“Having a lot of little ornamental sin the front yards just brighten up the neighborhood”

The DCR has made a select number of species available for reforestation programs. This list includes ornamental trees as well as larger shade trees (Freilicher 2011). Survey and interview responses present a contradiction in that residents commonly report missing tall trees that have been cut, but wanting smaller ornamental trees planted in response. Planting initiatives


should use existing positive relationships with residents and successful communication and education strategies to explain benefits that result from planting trees with larger mature heights to residents (Koeser et al. 2014).


The goals of this study were to characterize resident response to urban tree planting initiatives in central Massachusetts and to assess

reasons why residents value urban forests. Based on this study, WTI and DCR were effective in engaging with residents in order to reforest the ALB

Regulation Zone following massive tree cutting. However, as noted, there are several limitations to this study. Surveys and interviews likely

oversampled the same demographic and may not be representative of the entire ALB Regulation Zone. Future community forestry research in central Massachusetts could focus on outreach efforts made by tree-planting agencies specifically targeted at different ethnic or socio-economic groups.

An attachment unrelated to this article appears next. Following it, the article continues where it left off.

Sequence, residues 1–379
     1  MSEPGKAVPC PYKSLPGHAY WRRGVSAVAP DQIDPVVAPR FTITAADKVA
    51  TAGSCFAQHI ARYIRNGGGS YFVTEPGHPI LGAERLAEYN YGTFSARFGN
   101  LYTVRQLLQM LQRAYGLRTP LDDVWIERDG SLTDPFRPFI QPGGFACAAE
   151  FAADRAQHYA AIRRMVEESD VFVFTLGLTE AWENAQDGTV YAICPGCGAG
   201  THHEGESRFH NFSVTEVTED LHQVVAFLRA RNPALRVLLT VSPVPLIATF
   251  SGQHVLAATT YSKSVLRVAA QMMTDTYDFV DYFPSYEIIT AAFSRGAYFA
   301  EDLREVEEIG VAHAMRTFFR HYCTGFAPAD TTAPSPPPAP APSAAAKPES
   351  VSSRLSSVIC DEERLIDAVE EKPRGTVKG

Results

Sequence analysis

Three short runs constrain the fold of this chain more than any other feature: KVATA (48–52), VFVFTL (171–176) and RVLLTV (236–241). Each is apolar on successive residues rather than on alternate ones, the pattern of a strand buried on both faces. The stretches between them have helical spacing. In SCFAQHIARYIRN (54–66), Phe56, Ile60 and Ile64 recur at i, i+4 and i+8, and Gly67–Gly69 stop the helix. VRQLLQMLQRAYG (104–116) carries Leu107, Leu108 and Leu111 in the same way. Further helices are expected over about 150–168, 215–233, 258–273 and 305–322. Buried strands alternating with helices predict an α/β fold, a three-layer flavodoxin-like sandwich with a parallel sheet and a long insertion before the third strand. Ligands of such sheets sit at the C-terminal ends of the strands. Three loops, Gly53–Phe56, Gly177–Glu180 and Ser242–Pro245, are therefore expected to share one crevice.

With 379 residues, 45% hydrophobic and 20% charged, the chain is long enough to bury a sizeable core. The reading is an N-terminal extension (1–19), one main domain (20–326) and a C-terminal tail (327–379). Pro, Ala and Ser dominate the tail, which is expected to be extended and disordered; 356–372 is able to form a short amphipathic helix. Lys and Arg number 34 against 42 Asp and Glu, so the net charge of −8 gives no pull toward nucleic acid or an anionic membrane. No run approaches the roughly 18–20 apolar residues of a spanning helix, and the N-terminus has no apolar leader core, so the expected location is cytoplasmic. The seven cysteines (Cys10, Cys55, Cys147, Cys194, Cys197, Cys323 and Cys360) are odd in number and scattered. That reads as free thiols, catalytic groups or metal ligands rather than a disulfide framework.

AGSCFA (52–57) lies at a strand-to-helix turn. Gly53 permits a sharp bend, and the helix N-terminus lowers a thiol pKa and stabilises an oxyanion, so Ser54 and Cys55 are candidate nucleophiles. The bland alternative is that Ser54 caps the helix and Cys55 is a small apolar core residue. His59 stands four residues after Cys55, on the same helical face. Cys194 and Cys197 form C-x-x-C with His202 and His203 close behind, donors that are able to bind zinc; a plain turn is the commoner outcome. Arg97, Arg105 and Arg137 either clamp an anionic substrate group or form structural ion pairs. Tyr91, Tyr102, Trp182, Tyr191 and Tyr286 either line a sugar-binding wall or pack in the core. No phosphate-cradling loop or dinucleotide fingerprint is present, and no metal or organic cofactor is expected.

Having a strong understanding of resident appreciation for urban forests will assist planting initiatives in engaging with community members to achieve planting goals (Dwyer, Nowak, and Noble 2003). Based on this study, DCR and WTI communicated effectively with a certain


demographic. However, a major limitation of this study is that the sample may be over representative of a certain older, white segment of the

population. Thus, it is suggested that future studies seek to characterize the relationship between tree-planting agencies and residents across a variety of demographic variables.

While specific to particular geography and population, the findings of this study can be used to inform planting programs in other locations. One question remains as to whether urban tree-planting initiatives can be successful in the absence of large-scale tree cutting. While this study does not directly address this question, it does point to reasons why residents value urban forests. These values can be expected to hold true regardless of cutting programs. Additionally, many of the reasons residents living within the ALB Regulation Zone reported for valuing urban trees are reflected in past studies shown in Table 1. Having the capacity to provide residents with free or heavily subsidized trees to residents would likely serve to increase planting rates for any tree planting initiative regardless of tree-cutting programs as well.

Residents in the ALB Regulation Zone were most likely to mention loss of neighborhood character and decreased aesthetics as their major

concern for the future of urban forests (see Figure 5). Similarly, changes in aesthetics and character were the two most common responses when